Table 3:Results of post-hoc Tukey test. Legend: group 1 -0V, group 2-3V, group 3-6V, group 4-9V, group 5-12V. Calculated on a webpage Socscistatistic.com 29.

As can be seen there is a statistically significant difference between the first and second trials with respect to root length.

9. Data analysis

It is worth mentioning that application of correlation coefficients (R or R2) would be an inaccurate measure of correlation as they apply only to linear relationships, which is not the case in this analysis. The R2 coefficient takes values from 0 to 1, the closer it is to 1 the closer data fits a linear trend. The R coefficient is a number between -1 and 1 and analogically to R2 it indicates if the trend is linear (values close to either -1 or 1). Moreover, its sign indicates whether the relationship between the two variables is increasing (plus sign) or decreasing (minus sign).

The statistical test applied is the one-way ANOVA test as it examines the statistical significance of the differences between the samples. It is independent of the relationship between the samples and the factor investigated.

Figure 5: Graph of dependence between mean total length of seedlings [cm] of Raphanus sativus L. samples and voltage applied [V]. Error bars source: standard deviation. R2-Pearson Correlation Coefficient. Created using Excel.

Fig.5 presents that there is no quadratic correlation between the total length of seedlings and voltage applied (represented by orange function). Error bars which overlap for each data point indicate that the trend line can as well be a straight line parallel to x-axis (represented by green function, low R2 value (0.0176) indicates no correlation). Therefore it may be assumed that voltage applied did not affect the total length of seedlings. The p-value of ANOVA test is greater than 0.05 (p=0.77) (section 8) hence the differences between samples are insignificant.

The next figure (Fig.6) presents data concerning the relationship between mean stem length and voltage applied.

Figure 6: Graph of dependence of mean length of stems of Raphanus sativus L. [cm] on voltage applied [V]. Error bars source: standard deviation. R2-Pearson Correlation Coefficient. Created using Excel.

The overlapping error bars allow for repeated assumption of lack of correlation due to almost constant value of length of stems linearly presented by red function, low R2 (0.011) hence no correlation. The explanation of these results may be rooted in the action of auxin. Under undisturbed environmental conditions the presence of auxin causes cells to excrete protons into the apoplast at an enhanced rate. This results in lowered pH which activates wall-loosening processes26. This process allows for elongation of the stem in the plant. If protons were affected by the electric field then the growth of the stem would also be. Lack of electric field across the stem-only across the roots (explanation in the discussion section) probably led to undisturbed movement of H+. This also plausibly affected the overall length of the whole seedling distorting the trend depicted in Fig.5. Due to this fact any measures involving the length of stem are not an accurate description of the relationship of the plant’s growth and the voltage applied. This discards the stem length to root length ratios presented in Tab. 2. Moreover, the results are not significant statistically as the p-value from ANOVA test is greater than 0.05 (p=0.19) (section 8).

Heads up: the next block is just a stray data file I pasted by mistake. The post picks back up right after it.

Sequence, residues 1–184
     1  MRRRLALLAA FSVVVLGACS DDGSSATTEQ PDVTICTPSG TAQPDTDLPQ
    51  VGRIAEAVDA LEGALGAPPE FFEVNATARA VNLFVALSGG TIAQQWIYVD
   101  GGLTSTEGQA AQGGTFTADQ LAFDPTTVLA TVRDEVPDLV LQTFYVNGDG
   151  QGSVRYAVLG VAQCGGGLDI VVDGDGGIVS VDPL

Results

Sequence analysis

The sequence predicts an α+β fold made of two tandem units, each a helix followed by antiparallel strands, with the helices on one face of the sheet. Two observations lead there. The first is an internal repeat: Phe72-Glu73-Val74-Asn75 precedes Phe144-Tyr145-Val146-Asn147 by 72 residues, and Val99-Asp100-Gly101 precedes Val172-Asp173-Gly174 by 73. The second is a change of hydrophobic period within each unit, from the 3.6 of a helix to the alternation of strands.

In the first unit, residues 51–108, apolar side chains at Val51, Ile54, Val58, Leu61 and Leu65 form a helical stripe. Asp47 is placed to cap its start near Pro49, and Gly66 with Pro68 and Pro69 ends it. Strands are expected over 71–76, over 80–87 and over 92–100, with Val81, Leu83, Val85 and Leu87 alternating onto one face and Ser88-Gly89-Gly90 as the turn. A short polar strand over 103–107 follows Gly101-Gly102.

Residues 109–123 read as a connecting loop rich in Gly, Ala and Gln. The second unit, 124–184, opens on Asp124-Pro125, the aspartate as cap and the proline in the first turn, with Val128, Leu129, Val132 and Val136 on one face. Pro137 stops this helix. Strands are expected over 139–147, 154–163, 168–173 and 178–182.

The following graph (Fig. 7) represents the correlation between the mean root length and value of voltage applied.

Figure 7: Graph of the relationship between length of roots [cm] of Raphanus sativus L and the voltage applied [V]. Source of error bars: standard deviation. R2-Pearson Correlation Coefficient.

The graph first increases, reaches highest recorded value for the 3V trial and then decreases. This shape is a parabola, however, due to large values of standard deviation the shape of the graph cannot be stated with certainty as due to overlap of error bars, the line from 3V onwards could be a straight line parallel to the x-axis. If the trend is indeed parabolic its peak value should occur for voltage=6.65V as it was calculated from the formula for the blue trend line (equation P in Fig. 7, generated by Excel). However, it is also evident from the graph that the maximum value was measured for the 3V trial as from this point the successive data points have decreasing values. The only valid observation may be made based on the difference between 0 and 3V trials as the difference between them is statistically significant (Tab.3). The greatest increase (40%) in the length of roots occurs between 0 and 3V (data in Tab.2). Also maximum root length of Raphanus sativus L. may occur anywhere between 0V and 3V as there is observable increase in mean root length.